If you want to use the spy technique for step 1, and the em technique 
   for step 2 (please do not use -c option for em as the classifier selection 
   method used in em is automatically applied), you use this command:

      lpu -s1 spy -s2 em -f demo
   (This combination is exactly our earlier technique, S-EM)

   If you want to use the rocchio technique for step 1, the SVM technique 
   for step 2, and method 1 for classifier selection, you use this command:

      lpu -s1 roc -s2 svm -c 1 -f demo
   (This combination is the technique in our IJCAI-03 paper without clustering)

Input Files (three files for each dataset)


filestem.pos: It contains all the positive training data (or documents). 
filestem.unlabel: It contains all the unlabeled data.
filestem.test: It contains all the test data. Positive documents should
   have target +1 and negative documents should have target -1 (see below also)

Note that the LPU system can be used for retrieval or classification. For retrieval, the document collection is the unlabeled set, which is also the test set. For classification, you can provide a separate test set that is different from the unlabeled set used in training.

Data Format

Each line represents a document.

line    =: target feature:value feature:value ... feature:value
target  =: +1 | -1 | 
feature =: integer
value   =: integer

The target value and each of the feature:value pairs are separated by a space character. Each feature (keyword) is represented with an integer (the first feature of your dataset MUST BE 1), and its value is the number of times (frequency count) that the feature (keyword) appeared in the document. Features with value zero can be skipped. The feature number in each document must be in increasing order, i.e., "34:2 356:4" is ok, but not "356:4 34:2"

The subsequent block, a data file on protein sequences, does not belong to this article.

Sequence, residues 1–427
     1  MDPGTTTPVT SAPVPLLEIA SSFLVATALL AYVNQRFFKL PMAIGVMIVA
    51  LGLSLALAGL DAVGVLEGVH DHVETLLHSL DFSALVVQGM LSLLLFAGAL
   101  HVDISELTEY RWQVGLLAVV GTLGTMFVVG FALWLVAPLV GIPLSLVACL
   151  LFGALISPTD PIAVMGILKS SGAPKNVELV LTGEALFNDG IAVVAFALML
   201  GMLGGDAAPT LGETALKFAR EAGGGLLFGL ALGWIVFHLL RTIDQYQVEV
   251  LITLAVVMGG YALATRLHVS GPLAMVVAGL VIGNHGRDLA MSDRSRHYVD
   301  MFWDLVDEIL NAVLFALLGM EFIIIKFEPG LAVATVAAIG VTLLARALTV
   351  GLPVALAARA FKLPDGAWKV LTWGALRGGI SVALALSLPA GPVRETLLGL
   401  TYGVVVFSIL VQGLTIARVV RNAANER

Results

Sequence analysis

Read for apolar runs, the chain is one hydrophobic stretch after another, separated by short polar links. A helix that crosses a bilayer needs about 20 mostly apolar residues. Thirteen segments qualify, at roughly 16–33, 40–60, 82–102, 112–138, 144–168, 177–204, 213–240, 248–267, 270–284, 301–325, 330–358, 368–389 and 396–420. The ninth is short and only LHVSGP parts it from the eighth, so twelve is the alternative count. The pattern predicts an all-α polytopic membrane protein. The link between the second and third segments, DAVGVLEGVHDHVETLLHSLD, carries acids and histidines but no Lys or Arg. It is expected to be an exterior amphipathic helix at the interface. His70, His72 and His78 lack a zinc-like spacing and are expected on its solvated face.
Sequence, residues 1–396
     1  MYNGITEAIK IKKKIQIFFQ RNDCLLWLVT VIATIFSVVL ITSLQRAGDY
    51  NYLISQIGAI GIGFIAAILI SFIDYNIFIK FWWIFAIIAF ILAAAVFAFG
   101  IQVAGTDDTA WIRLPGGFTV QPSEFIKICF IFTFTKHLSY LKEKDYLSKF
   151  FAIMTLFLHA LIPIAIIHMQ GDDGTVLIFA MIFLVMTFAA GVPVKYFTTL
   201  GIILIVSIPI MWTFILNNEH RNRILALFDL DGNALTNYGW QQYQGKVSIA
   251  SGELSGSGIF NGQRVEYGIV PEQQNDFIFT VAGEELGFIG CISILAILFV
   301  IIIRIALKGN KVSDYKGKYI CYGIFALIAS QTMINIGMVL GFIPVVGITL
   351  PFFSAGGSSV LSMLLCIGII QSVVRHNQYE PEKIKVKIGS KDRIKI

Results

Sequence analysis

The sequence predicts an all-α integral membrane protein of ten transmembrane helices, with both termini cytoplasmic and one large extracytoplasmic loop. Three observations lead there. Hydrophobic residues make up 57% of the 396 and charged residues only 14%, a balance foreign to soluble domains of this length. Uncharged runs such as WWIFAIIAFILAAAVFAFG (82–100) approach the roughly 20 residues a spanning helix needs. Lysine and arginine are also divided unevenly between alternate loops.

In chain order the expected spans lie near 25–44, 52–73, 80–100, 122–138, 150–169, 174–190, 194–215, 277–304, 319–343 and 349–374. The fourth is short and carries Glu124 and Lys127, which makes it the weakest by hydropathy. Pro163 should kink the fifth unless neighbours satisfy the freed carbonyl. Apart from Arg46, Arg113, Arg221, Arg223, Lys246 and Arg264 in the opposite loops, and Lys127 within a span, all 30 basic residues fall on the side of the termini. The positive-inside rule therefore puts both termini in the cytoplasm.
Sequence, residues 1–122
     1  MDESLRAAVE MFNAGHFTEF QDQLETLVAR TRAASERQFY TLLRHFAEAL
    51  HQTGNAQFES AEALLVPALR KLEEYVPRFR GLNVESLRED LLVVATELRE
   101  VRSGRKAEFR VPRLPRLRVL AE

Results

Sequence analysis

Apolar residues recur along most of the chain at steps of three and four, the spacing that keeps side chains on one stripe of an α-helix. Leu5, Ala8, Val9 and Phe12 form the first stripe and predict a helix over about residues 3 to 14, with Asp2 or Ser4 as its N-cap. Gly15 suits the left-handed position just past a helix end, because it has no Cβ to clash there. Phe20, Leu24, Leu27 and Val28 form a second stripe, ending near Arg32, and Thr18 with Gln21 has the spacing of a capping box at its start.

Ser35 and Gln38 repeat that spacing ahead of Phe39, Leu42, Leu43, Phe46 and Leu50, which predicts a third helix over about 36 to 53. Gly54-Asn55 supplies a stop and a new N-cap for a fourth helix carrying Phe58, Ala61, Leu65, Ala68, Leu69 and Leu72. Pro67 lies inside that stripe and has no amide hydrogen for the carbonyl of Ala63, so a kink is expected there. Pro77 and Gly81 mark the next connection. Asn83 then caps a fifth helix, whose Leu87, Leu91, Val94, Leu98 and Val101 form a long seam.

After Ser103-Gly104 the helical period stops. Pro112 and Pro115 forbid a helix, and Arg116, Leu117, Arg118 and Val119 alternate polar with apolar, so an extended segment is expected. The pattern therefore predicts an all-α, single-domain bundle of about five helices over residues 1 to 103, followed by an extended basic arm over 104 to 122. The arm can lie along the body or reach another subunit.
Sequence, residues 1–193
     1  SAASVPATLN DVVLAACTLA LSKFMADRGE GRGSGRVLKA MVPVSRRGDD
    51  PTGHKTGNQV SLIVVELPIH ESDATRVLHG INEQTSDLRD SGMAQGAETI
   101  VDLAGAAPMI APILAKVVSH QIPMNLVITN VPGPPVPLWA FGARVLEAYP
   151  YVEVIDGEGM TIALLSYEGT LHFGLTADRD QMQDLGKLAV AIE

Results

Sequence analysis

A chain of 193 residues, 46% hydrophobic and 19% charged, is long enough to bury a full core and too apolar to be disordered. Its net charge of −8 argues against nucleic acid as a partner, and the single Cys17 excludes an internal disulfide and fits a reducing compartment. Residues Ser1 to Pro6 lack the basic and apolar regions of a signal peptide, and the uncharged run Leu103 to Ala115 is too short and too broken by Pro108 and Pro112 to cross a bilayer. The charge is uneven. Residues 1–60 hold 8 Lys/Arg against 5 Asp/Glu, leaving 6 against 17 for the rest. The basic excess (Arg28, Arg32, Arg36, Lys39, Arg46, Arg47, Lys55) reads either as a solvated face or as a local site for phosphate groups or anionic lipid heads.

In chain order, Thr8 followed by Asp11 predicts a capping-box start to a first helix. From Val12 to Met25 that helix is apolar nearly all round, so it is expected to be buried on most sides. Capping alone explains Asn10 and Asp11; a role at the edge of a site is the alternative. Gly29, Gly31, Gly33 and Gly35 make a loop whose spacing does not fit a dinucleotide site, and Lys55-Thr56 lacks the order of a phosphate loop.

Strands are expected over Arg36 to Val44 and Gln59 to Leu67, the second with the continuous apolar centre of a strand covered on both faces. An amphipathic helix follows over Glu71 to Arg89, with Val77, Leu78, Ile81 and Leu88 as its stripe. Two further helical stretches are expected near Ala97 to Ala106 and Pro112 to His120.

In filestem.pos, no target value should be specified.
   34:2 356:4
   365:3 460:5

In filestem.unlabel, no target value should be specified.
   34:2 356:4
   365:3 460:5

In filestem.test, the target value of each document is +1 or -1 
         according to its class. 
   -1 34:2 356:4
   +1 365:3 460:5

One "demo" dataset with three files is included in the downloaded zip file. 

NOTE: When running SVM, the feature counts are automatically converted
      to normalized tf-idf values by LPU.


Created on July 10 2003 by Bing Liu; and Xiaoli Li; We thank Sarah Zhai for carrying out a large number of tests on the system.